The smaller vent is for the water heater and is lower than the furnace vent, Had a HVAC tech tell me today that this was fine. I tried to tell him that the lower BTU appliance needed to vent above the larger BTU appliance. Working on the report just want to be sure. THANKS in advance for your thoughts.
Yes you are correct unless the plenum type ducting somehow negates the issue in a way I am not aware of.
Did he light a match and check draft or just blurt.
He was there only to start up the system it was a forcloure. Just blurt ya da ya da LOL
I am looking into this right now and think there may be exemptions which brings us into the foggy area to be educated on further.
There is what is referred to as an increaser in place and let me upload a diagram in a minute.
Just thinking that maybe the larger diameter acts like a plenum and changes need for water heater position to be above somehow.
This is a guess on my part.
Notice the water heater is at bottom and connected to an increaser .
If more than one appliance is to be connected
to one venting system, the common vent must
be correctly sized. It is a good idea to make
a sketch of the proposed installation, labelling
the components you will need. Adjustable Pipe
Lengths are available to make up odd lengths.
Minimize the number of turns and lateral
runs, as the National Fuel Gas Code places
limitations on these. A 45° turn is preferable to
a 90° turn. The appliance reference material
should be consulted at this time, as well as any
Local Authority having jurisdiction. In most
localities, building permits are required for any
new appliances, or modifications to existing
3. Figures 1, 2, & 3 show examples of some
typical residential installations.
The smaller vent pipe connector and lower BTU should be at top. If the HVAC tech says it’s OK, have him put it in writing.
If someone can correct me I’m listening.
Wow, That diagram is really close to what I have here, The two vents meet and go vertical to the exterior. So its never as clear as we think, Thanks Bob !!
From what is pictured.
we can only defer to Contractors (allegedly more knowledgeable)
If an HVAC Contractor says OK…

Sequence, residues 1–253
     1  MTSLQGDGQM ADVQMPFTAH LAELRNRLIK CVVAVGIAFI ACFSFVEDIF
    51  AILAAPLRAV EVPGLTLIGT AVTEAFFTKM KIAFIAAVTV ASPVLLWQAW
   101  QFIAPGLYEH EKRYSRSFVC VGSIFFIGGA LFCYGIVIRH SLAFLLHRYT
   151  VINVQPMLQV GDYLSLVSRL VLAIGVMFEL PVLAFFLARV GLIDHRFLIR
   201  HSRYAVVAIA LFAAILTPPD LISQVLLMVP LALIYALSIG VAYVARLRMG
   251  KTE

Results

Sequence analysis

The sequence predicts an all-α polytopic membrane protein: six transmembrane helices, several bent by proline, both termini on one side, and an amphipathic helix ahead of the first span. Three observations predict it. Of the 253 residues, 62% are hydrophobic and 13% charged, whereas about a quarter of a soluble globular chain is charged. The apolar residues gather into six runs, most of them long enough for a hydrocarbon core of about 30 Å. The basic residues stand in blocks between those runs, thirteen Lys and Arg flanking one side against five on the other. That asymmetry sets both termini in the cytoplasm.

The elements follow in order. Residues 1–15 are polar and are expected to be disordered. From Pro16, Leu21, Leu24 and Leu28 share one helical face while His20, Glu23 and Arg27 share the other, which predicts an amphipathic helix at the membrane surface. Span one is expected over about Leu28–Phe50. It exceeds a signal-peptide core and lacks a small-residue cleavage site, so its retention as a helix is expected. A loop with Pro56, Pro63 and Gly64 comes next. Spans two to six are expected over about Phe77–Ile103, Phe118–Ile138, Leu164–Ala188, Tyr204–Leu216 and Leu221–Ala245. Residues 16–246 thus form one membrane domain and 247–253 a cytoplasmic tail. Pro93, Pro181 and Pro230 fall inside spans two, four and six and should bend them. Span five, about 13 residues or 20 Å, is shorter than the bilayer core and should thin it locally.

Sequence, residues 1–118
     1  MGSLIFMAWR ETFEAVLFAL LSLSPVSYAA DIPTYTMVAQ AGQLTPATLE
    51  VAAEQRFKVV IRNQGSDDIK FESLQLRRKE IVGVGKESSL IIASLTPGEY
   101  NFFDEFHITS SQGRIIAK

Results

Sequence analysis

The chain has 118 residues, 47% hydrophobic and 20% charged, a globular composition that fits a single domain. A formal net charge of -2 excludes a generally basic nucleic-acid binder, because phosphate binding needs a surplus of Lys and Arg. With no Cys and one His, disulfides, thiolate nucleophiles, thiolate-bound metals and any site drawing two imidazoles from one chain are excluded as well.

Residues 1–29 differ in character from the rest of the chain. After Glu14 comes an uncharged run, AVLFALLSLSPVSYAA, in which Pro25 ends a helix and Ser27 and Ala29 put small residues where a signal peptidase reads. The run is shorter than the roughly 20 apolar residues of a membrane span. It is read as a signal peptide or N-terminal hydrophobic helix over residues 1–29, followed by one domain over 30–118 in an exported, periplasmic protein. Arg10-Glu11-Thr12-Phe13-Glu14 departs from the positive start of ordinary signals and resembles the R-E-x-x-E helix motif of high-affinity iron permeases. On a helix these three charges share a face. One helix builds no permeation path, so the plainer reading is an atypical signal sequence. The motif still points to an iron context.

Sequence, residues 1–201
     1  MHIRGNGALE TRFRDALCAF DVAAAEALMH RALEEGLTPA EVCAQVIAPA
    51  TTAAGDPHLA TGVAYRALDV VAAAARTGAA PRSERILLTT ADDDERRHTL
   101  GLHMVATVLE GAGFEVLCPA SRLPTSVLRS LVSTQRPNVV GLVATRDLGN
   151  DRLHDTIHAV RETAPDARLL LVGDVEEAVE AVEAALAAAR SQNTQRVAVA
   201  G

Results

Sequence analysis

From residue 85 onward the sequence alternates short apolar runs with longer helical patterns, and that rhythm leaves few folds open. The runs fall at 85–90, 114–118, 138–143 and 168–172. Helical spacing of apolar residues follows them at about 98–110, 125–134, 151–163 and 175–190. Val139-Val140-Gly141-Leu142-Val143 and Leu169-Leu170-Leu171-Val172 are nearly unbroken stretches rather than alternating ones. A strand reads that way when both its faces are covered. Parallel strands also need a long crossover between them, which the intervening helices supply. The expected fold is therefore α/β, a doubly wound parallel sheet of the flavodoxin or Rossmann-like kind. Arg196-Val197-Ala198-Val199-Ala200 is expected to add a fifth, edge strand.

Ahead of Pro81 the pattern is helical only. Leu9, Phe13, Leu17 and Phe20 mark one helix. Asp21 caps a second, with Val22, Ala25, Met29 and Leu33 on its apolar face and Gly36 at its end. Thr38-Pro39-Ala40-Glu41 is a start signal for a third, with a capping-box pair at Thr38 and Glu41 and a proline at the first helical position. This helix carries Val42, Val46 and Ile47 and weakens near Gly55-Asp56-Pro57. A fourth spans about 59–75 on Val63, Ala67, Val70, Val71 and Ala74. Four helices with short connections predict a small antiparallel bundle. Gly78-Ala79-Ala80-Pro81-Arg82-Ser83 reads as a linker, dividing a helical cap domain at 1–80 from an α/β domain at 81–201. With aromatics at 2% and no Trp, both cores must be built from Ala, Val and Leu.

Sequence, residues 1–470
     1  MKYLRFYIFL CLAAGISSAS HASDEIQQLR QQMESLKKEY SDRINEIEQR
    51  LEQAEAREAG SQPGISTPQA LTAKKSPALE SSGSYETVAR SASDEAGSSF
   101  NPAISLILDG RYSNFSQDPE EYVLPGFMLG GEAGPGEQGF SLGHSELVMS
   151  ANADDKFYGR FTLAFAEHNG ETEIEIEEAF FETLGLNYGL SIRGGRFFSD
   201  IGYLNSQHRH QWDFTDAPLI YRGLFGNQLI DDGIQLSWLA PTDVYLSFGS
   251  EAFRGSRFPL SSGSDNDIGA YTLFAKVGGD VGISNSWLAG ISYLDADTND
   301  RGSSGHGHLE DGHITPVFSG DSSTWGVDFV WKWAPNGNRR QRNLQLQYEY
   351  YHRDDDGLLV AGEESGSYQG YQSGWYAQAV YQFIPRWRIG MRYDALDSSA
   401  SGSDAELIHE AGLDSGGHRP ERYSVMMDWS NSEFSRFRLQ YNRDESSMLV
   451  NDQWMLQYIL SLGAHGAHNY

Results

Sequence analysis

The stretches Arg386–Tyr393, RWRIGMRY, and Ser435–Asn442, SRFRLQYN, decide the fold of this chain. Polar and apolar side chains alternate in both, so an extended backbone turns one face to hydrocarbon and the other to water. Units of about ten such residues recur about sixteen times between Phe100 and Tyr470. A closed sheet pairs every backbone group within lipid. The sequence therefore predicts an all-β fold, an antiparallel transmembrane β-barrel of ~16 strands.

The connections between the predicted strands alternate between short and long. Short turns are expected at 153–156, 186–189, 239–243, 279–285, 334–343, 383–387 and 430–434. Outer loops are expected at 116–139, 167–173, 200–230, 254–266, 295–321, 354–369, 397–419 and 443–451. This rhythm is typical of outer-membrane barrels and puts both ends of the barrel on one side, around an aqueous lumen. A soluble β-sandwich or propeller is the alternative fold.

You know the answer…
There are limits to the recommendations given in a report
Due Diligence prevails based upon recommendations…
It won’t be accepted here in Canada. CSA B149 approval or the highway. 8.16.1 When two or more vent connectors enter either a common vent or common chimney, they shall not enter at the same horizontal plane. The smallest vent connector should be highest or in other words be the lowest BTU rating.
Bob, do you know if that increaser has any mechanism in it or is it just a plain reducing coupling?
It is just a coupling.Google “b vent increasers” and find tons of them.
Not an expert on the subject but if you think about it the fact you have two smaller diameter vents mixing in to a larger diameter vent decreases likely hood of back draft.After all that would reduce the pressure.
I may be totally wrong but hope Charlie chimes in.http://publicecodes.citation.com/icod/irc/2006f2/icod_irc_2006f2_appb_par001.htm
Seems the common vent may act as a manifold and stop increased air pressure from causing backdraft in this case.
Below is excerpted from a Hart and Cooley PDF.
When manifolding a fan-assisted appliance with a drafthood-
equipped appliance, the fan-assisted appliance
should be positioned closer to the common vertical
Last note or thought here.
How could a common vent be used in a multistory building if smaller appliance must always be above the larger ?
Not right … I would call it, after that may the best salesman win
You cannot determine based on a picture. What was the btu output of the water heater and the btu output of the furnace. I have seen older water heaters with much higher btu output than a a newer, more efficient furnace. Size of the vents can be, but are not necessarily the only clue. Pictures don’t give us the needed information.
That change would require a review and redesign of the existing flue (Level 2 at minimum).
Should not be a problem for the Homeowner and/or HVAC Contractor of the Installation to produce when questioned.
My point again is that you cannot make that determination by a photo alone. I would venture to say that the vast majority of installs in this area use 6" b-vent for a combination furnace / water heater. Lowering the btu rating of the furnace by even half would not require a change in the size of venting.
Chris and others are dead on. All the discussion and research is interesting and beneficial but it won’t occur out in the field during an inspection. There are always going to be exceptions but the general rules rule:
Larger vent below smaller
Larger Btu below smaller
Forced draft below open draft hood
Outside of that, unless you have the time to research it and be certain your specific setup passes, the safest bet is to call it out.
They are the experts for sure.
Joe, I see a stat on the wall.
Is that unit for the garage or the whole house?
An inspector friend of mine sent me that. He wrote it up, so I’m assuming is zoned with the house. Regardless, it voids the fire barrier also.